You are here
South China Sea tensions shake trade and investment confidence, affect regional prosperity: PM Lee
THE impact of South China Sea tensions cannot be measured in dollars and cents, but they have a very real impact on trade and investments - key fundamentals of South-east Asian nations' - and China's - prosperity, said Singapore Prime Minister Lee Hsien Loong on Thursday.
However, it will be hard to change each country's position over these waters, so careful consideration must thus be taken to resolve these maritime disputes, Mr Lee added in his comments to Singapore media present in the Laotian capital of Vientiane.
Speaking on Thursday afternoon as the three-day 28th and 29th Asean summits in Vientiane drew to a close, Mr Lee noted that South China Sea tensions had affected the region's atmosphere of peace, calm and confidence, which have been vital to South-east Asia's progress.
"The region has prospered because there has been peace, because the countries have worked together cooperatively, because we have deepened our interdependence on trade and our investments," said Mr Lee.
"Even (Chinese) Premier Li Keqiang said today that China needs a peaceful and stable environment because China is a developing country," he added.
Thus, all parties should try to mitigate these risks, because for investors "it's one of those situations where you don't feel that it is good, but neither can you say 'I can count how many dollars it has cost me. It's a minus for me, I know it'."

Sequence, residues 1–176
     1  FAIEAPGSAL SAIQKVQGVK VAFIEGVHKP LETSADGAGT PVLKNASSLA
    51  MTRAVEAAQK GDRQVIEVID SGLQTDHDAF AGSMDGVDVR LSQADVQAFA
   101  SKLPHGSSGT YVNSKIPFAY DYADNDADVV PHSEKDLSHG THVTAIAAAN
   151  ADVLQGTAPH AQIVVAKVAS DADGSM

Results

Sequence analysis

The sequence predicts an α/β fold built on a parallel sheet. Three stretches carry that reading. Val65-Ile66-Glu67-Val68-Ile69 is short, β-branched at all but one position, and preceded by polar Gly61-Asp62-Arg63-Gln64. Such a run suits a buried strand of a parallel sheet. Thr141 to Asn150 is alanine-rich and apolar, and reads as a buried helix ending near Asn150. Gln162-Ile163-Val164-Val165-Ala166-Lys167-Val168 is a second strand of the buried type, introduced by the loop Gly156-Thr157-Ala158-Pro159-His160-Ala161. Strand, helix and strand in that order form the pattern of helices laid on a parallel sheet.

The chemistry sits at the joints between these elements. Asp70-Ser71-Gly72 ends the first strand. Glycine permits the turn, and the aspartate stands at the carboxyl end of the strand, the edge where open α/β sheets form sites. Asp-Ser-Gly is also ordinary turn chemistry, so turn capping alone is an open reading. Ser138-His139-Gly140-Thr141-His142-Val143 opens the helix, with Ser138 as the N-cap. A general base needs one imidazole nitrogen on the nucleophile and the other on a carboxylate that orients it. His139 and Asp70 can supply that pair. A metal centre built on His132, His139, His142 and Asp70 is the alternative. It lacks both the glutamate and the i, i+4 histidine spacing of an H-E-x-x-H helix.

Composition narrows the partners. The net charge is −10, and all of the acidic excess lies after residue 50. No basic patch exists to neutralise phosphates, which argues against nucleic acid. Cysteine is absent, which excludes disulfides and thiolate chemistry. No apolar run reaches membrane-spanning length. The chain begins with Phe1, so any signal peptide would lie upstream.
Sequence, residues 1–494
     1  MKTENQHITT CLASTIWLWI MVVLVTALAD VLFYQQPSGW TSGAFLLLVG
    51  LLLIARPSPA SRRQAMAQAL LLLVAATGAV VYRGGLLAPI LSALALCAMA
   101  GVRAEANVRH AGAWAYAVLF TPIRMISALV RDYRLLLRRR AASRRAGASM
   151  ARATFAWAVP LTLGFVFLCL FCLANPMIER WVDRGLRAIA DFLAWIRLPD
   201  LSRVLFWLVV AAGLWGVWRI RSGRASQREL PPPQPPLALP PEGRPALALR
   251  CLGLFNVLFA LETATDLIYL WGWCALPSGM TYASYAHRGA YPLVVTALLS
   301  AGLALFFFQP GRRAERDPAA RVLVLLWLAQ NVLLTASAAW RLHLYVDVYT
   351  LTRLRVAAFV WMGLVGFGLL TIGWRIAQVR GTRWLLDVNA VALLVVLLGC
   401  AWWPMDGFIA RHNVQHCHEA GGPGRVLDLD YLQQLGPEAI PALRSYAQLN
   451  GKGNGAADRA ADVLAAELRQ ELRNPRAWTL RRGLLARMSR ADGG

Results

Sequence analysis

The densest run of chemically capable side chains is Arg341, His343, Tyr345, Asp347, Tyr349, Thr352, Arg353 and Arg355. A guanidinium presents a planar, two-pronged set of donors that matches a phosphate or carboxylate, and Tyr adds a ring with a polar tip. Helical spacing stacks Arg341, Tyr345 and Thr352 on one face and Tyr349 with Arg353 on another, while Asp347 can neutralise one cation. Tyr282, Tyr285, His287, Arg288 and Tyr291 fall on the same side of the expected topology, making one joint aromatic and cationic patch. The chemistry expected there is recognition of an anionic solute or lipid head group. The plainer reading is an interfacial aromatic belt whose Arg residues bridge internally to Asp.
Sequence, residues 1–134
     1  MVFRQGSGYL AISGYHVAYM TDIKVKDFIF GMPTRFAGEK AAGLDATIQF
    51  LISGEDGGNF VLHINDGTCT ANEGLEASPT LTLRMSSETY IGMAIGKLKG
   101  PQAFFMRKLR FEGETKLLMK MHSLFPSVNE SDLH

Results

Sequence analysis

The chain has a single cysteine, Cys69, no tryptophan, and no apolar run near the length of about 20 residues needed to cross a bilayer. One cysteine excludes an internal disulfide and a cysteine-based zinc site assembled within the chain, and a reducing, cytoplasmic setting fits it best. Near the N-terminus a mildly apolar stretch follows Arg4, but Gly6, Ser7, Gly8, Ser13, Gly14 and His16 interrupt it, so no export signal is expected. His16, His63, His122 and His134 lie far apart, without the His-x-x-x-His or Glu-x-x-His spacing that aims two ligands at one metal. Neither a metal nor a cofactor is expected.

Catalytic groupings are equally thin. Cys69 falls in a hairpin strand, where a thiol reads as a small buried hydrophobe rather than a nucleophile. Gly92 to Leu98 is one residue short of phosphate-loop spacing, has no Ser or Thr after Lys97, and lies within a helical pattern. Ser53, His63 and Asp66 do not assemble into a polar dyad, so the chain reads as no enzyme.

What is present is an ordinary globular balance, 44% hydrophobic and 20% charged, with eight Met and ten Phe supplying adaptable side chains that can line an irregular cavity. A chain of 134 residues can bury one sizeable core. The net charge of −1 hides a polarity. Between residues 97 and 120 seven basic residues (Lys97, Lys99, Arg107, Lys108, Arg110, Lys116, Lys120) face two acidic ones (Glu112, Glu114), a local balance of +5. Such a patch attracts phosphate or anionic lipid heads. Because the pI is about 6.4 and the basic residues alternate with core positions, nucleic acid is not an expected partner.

Mr Lee's comments came a day after leaders of the 10 Asean countries - including Mr Lee - shelved aside in official documents any mention of an international ruling that saw China's claims over large swathes of the South China Sea had no legal basis.
Instead, they had agreed with China on ways to dial down tensions over these waters.
But even as the regional neighbours avoided open conflict for now, Mr Lee does not see the issue fading out soon. This is because how each state views the South China Sea is intricately tied to their world view.
"I don't think that differences in perspectives on the South China Sea can easily be overcome, because they are fundamental to the strategic situations that the countries are in," he said. "These are realities of international relations, and we have to navigate and find our position, find our way through such an unpredictable world."